6. A method for forming a field effect transistor comprising the steps of:
providing a semiconductor substrate having a layer of silicon dioxide formed thereon;
implanting hydrogen ions by plasma source ion implantation into said layer of silicon dioxide;
forming a layer of polycrystalline silicon in contact with said layer of silicon dioxide having hydrogen ions implanted therein such that said layer of polycrystalline silicon has a smooth morphology; and
forming a source, a drain and a gate in said semiconductor substrate.
7. A method for forming a memory array, said memory array comprising a plurality of memory cells arranged in rows and columns, each of said plurality of memory cells comprising at least one field effect transistor, said method comprising the steps of:
providing a semiconductor substrate;
forming a layer of silicon dioxide on at least a portion of said semiconductor substrate;
implanting hydrogen ions into at least a portion of said layer of silicon dioxide by plasma sources ion implantation;
forming a layer of polycrystalline silicon over and in contact with at least said portion of said layer of silicon dioxide into which said hydrogen ions were implanted such that said layer of polycrystalline silicon has a smooth morphology; and
forming a gate, a source and a drain for each of said field effect transistors, on said semiconductor substrate.
8. A method for forming a thin film transistor comprising the steps of:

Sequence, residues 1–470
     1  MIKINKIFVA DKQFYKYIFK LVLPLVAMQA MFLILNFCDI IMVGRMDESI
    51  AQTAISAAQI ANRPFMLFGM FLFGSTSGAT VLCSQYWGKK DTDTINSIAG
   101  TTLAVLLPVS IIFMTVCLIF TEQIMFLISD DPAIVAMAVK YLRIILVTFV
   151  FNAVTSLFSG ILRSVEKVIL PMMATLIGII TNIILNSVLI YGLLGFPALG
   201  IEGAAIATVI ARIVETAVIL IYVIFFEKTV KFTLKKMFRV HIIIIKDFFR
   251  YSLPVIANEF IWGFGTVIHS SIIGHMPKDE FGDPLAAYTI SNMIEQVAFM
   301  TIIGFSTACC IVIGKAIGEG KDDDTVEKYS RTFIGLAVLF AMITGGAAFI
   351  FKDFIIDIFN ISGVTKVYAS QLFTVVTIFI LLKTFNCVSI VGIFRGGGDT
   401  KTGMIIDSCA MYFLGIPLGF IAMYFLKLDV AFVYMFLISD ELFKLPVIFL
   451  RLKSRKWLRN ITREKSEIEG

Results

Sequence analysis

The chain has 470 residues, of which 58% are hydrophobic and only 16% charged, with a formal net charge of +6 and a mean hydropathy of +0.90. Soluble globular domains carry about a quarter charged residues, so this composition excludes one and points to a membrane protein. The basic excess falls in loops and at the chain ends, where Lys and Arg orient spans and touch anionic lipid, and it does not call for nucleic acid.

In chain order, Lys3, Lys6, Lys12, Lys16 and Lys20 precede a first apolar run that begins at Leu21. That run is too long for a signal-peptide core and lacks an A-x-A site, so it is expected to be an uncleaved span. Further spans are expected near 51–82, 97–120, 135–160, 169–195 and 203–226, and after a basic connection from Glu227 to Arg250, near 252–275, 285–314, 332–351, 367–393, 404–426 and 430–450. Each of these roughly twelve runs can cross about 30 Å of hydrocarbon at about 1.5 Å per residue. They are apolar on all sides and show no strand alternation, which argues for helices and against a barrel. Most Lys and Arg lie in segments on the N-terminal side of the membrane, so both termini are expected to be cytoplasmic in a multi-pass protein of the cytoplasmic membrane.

providing a semiconductor substrate formed from a material selected from the group consisting of silicon dioxide, quartz and glass;
forming a layer of a gate oxide material in said semiconductor substrate;
implanting, by plasma source ion implantation, hydrogen ions into a surface of said semiconductor substrate;
forming a layer of polycrystalline silicon on said surface of said semiconductor substrate having hydrogen ions implanted therein such that said layer of polycrystalline silicon has a smooth morphology;
forming a layer of an insulating material in contact with said layer of polycrystalline silicon;
forming a source region and a drain region; and
forming a gate electrode on said layer of insulating material.
Description

The present invention relates to a method for pretreating a silicon dioxide film to provide a polycrystalline silicon film, which is subsequently deposited on the silicon dioxide film, with a smooth morphology.

BACKGROUND OF THE INVENTION

Advancements in semiconductor manufacture have led to increases in the density and miniaturization of microelectronic circuits. As an example, the manufacture of 64 Mb DRAMs is now possible and 256 Mb prototypes are currently being developed. A key requirement for achieving such high device packing density is the formation of increasingly smaller components. One way to make such smaller components is to employ thinner and smoother films when fabricating those components.

Currently in the art, silicon dioxide films are pretreated with hydrogen ions to prepare the surface of the silicon dioxide film for the deposition of a layer of polycrystalline silicon to provide for a thinner and smoother polycrystalline silicon film. The silicon dioxide is pretreated by ion beam bombardment by a Kaufman ion source. Hydrogen ion beam pretreatment is typically performed using a Kaufman ion beam source directed normally to the substrate. A Kaufman ion source employs a metal grid to accelerate ions at a particular target. During an ion implantation process using a Kaufman ion source, metal from the metal grid sputters off of the grid and becomes implanted in the target object causing the target object to become contaminated. As the size of devices on the target object decreases, the effect of damage caused by sputtered metal from the metal grid increases.